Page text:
Metabolism

NMP is readily converted to three polar metabolites, 5-hydroxy-N-methylpyrrolidone (5-HNMP), N-methyl succinimide (MSI) and 2-hydroxy-N-methylsuccinimide (2-HMSI). These compounds are not detected in unexposed subjects (Akesson and Jonsson, 1997).

In rats, the liver is thought to be the main site of NMP metabolism. Minor routes of metabolism with differing rates are thought to account for the remainder. Three metabolites were detected (Wells and Digenis, 1988), and one was identified as 5-HNMP (Wells et al., 1992).

In humans, 5-HNMP is the major metabolite identified (Akesson and Jonsson, 1997). A close correlation was observed between plasma and urine 5-HNMP concentrations and air NMP concentrations (Akesson and Jonsson, 2000). It is postulated that NMP is primarily hydroxylated to 5-HNMP, which is then oxidised to MSI, and this in turn is further hydroxylated to 2-HMSI. However, another as yet unidentified metabolite was eluted before 5-HNMP (Akesson and Jonsson, 1997).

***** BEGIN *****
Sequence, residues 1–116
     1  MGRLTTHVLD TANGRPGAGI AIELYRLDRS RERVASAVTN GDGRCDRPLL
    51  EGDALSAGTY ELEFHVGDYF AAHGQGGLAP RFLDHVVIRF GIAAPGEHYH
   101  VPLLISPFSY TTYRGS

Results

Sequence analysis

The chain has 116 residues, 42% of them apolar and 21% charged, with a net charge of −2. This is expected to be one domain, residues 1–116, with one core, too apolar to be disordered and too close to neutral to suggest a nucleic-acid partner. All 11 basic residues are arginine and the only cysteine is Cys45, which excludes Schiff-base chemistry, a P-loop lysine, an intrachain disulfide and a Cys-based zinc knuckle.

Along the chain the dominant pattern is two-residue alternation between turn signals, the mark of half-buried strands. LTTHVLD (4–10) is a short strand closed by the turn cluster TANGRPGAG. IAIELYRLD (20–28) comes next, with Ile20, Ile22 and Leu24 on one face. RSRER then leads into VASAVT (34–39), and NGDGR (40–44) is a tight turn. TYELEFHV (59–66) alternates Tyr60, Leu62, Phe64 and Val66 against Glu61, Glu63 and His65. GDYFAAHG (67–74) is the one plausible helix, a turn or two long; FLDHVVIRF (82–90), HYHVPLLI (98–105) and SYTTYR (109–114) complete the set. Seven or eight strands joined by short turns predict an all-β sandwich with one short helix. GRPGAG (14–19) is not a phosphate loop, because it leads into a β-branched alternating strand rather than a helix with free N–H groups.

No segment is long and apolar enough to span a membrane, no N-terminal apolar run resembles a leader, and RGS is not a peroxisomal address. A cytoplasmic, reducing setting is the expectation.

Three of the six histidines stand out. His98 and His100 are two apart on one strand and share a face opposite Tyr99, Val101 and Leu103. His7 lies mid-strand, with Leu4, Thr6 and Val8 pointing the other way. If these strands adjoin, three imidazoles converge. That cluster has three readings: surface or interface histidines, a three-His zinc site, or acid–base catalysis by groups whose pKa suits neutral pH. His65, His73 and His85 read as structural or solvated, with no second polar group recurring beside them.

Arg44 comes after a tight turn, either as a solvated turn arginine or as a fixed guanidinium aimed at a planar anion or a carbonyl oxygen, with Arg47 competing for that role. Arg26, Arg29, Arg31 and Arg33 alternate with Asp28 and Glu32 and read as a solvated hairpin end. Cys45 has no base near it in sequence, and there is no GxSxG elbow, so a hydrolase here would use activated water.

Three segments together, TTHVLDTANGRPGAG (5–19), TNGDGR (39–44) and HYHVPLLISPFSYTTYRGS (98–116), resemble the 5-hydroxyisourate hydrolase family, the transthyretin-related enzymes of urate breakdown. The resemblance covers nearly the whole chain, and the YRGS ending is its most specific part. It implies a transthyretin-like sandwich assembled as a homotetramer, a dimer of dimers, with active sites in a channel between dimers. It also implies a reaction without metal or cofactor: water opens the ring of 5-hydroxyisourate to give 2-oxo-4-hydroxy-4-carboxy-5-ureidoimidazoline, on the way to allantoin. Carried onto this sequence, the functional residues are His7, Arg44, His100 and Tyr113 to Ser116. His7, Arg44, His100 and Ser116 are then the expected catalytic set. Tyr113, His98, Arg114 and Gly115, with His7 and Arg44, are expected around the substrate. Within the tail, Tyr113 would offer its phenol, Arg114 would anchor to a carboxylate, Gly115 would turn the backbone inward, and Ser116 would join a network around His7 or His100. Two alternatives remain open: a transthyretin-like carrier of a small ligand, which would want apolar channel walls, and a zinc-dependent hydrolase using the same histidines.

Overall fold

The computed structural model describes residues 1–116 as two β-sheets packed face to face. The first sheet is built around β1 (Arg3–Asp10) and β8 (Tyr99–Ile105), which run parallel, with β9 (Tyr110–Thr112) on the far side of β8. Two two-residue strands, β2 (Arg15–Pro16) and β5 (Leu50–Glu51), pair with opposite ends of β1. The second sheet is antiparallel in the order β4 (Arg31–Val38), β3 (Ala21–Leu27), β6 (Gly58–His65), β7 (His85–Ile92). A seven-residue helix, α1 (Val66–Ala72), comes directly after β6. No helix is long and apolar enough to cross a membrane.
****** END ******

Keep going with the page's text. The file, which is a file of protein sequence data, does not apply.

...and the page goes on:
Neither 5-HNMP nor 2-HMSI undergo conjugation with glucuronic acid or sulphate (Akesson and Jonsson, 1997). Conjugates of the major metabolite resulting after acid hydrolysis (not identified but proposed to be 4-(methylamino)butanoic acid) were not detected in rat urine after a single intravenous injection of doublelabelled NMP (Wells and Digenis, 1988). One glucuronide was detected in the urine of a one day old neonate following chronic exposure to ethosuximide, a succinimide thought to undergo metabolism similar to NMP (Horning et al., 1973; Akesson and Jonsson, 1997).

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